This entry is part 40 of 41 in the series In General

Grandpa (Eric)

By Eric, AKA Grandpa Growth


Strategy is a fundamental part of the human experience. The ability to analyze a situation and take advantage of it is our birthright as a species. It’s the one thing that we can do so much better than every other form of life that we have encountered, but we don’t get it for free. Strategy is a skill that you need to learn and, like all new skills, learning it can be a process. To help guide you through the pitfalls of acquiring such a crucial ability, I’ve gathered together some ideas to help you learn to strategize. Internalizing these ideas and repeating them will allow you to become great at just about anything you want. Sound a little too good to be true? If you don’t believe me, just watch.


“Strategy without tactics is the slowest route to victory. Tactics without strategy is the noise before defeat.” -Sun Tzu


The ancient Chinese tactician is trying to tell you that if you use tactics without a sound strategy, you will be making moves without knowing how they contribute to your overall plan. This is a surefire way to apply your brilliant tactics in all the wrong ways. A strategy without proper tactics is just theory. You still need to execute the proper moves to bring it to fruition. You must use both in their proper measures if you want to improve.


Growth Mindset

Without a doubt, the most important tool for learning a new skill–any new skill–is a growth mindset. The belief that you are what you make of yourself will ensure that you’ll make progress in that direction. If you want to achieve a goal, you’ll have to work at it. Some may have to work harder than others to attain the same level of proficiency; this is what people usually mean when they talk about talent, but in the real world we care about results. The athlete who wins a gold medal at the Olympics is the one who had the best performance. No one cares if that athlete had to practice for a thousand more hours than their competition. Working harder, overcoming difficult circumstances, that all makes for a good story, but no one is going to remember that you weren’t as talented as long as you win.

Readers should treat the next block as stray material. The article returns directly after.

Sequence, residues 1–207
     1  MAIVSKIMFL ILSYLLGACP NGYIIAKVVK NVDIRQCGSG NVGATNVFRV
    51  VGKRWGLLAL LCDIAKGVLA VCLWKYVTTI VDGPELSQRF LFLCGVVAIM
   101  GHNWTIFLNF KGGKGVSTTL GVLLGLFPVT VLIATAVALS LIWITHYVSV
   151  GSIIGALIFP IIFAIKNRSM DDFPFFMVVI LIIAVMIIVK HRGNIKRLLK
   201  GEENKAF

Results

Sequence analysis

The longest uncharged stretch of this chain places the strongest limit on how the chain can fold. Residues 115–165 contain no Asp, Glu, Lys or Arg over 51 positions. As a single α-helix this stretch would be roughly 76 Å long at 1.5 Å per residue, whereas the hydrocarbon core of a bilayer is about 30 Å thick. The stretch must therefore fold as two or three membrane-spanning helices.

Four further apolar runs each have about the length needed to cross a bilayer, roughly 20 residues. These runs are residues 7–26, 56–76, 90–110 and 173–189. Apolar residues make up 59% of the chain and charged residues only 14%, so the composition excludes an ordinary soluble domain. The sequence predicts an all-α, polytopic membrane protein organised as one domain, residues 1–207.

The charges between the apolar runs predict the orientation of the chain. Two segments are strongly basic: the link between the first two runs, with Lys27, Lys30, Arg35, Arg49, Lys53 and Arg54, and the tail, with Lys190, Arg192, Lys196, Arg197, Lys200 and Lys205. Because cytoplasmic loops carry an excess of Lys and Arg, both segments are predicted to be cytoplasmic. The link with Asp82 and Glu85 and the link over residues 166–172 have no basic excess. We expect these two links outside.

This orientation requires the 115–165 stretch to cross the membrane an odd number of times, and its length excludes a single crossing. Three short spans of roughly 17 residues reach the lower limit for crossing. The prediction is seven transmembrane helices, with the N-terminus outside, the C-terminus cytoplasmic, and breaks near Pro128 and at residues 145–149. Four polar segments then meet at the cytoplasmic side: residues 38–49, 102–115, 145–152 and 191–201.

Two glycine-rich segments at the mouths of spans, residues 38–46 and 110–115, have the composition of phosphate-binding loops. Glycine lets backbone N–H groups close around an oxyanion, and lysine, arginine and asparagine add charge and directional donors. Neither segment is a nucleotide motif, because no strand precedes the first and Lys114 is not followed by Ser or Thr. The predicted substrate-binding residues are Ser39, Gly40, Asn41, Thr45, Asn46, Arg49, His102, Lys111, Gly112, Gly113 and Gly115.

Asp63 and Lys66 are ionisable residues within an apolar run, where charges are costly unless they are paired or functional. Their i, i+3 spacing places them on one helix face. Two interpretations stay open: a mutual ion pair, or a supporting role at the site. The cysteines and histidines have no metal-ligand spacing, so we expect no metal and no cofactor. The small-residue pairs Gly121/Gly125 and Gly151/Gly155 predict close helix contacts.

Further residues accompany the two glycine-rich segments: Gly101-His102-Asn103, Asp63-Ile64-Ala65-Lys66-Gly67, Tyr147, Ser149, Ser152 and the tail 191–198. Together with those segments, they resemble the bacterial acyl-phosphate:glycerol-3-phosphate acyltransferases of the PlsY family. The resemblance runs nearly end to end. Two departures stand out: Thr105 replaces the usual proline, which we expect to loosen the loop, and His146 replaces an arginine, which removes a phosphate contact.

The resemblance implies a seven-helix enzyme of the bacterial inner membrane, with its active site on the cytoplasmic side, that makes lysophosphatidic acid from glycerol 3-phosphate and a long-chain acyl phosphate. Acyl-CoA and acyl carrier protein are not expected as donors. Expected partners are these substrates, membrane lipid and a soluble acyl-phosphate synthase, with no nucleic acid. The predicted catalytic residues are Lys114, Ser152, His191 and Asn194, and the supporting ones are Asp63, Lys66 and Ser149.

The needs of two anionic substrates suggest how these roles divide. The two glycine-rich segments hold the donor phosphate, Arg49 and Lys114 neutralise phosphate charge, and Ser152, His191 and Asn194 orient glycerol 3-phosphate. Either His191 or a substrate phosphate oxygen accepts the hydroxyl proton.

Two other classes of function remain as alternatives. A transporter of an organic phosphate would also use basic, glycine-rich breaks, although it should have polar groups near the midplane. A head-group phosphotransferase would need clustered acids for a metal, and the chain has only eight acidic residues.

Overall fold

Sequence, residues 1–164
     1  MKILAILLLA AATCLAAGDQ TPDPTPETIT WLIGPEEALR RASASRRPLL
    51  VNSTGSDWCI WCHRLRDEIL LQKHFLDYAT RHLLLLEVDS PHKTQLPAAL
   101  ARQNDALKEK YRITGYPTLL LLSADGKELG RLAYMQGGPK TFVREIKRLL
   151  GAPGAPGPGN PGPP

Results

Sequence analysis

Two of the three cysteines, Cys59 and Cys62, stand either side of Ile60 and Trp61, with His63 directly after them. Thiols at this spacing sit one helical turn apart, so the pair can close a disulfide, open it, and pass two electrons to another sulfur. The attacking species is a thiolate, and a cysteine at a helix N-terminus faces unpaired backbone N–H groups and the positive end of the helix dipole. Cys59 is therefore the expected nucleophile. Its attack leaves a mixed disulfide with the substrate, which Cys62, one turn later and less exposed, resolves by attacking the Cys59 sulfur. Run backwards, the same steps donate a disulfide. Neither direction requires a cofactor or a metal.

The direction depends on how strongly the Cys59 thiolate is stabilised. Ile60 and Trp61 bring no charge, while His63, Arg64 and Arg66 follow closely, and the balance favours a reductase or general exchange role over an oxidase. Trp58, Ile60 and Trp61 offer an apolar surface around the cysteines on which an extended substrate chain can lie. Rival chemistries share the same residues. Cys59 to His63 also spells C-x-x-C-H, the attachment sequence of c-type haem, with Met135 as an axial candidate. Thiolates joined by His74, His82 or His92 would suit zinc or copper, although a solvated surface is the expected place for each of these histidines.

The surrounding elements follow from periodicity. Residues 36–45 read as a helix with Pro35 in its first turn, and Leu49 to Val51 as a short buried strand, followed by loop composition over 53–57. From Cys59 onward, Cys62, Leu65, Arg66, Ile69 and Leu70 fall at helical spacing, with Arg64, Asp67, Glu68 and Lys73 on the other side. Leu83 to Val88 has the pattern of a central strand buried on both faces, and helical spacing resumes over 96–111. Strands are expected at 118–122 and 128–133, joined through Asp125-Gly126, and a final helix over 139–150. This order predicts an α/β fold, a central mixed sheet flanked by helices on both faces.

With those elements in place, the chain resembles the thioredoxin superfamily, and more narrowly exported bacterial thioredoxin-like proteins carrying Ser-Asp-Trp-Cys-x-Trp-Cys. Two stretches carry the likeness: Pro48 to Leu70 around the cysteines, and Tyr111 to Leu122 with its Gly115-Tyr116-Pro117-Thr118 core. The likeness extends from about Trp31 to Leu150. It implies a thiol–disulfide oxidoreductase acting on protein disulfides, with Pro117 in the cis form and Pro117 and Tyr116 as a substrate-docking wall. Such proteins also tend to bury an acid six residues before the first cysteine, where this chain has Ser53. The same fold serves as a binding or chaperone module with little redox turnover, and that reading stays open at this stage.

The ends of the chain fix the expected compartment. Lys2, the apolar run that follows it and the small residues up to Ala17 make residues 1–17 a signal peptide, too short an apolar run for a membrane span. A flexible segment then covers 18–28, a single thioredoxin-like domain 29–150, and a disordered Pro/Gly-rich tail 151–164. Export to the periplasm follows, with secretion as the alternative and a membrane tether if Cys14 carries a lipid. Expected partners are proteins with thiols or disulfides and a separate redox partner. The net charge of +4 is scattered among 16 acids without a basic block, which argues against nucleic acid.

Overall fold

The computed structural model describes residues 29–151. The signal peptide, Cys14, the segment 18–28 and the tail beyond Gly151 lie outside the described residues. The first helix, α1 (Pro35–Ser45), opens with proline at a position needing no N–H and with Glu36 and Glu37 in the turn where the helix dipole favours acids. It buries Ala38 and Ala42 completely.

Internalizing the growth mindset means that you have zero doubt in your mind that you can be like your idols. You can take the same actions, learn the same skills, and achieve the same successes. I’m a firm believer in the work of K. Anders Ericsson, a world famous professor of psychology from my alma mater, Florida State University. He has spent decades researching expertise: the study of how people become skilled at a discipline. And after all that time, do you know what he recommends to people who want to learn new skills quickly?




That’s right. His conclusion is that the people who achieve mastery in a skill aren’t the ones with the most talent or the biggest head start. The secret to getting better is just going out and doing it. His research centers on how people reach the top of the fields by applying their efforts to “high concentration practice beyond one’s comfort zone.” Specifically focusing on practicing skills that you don’t have will make you feel uncomfortable because we yearn to show off the skills that we’ve already mastered, but you simply can’t get ahead by only doing what you have already done. If you want to master a new skill, you will have to practice new things. Everything I said in my article about Challenge-Seeking Behavior applies here.


Anders Ericsson is the originator of the “10,000 Hour Rule,” the idea that the only thing separating a novice from a master is a prolonged period of focused practice. So remember: be positive and stay open minded. There really aren’t any universal tricks or shortcuts. Put forth the right effort and you will see results.



So you’ll have to practice… but that sounds boring right? Nobody likes to practice. Dead. Wrong. You’ll have to work, but that doesn’t mean it needs to be painful. The “trick” that growth mindset people have is that they know themselves. They know what type of activities they like and what type of life changes they can make easily to get results. Finding little ways to alter your life that will allow you to practice your strategy skills will pay big dividends without being disruptive or feeling like work.


When we talk specifically about improving our ability to strategize in Magic, I recommend gamification. I’m a Libra, so I like to make lists.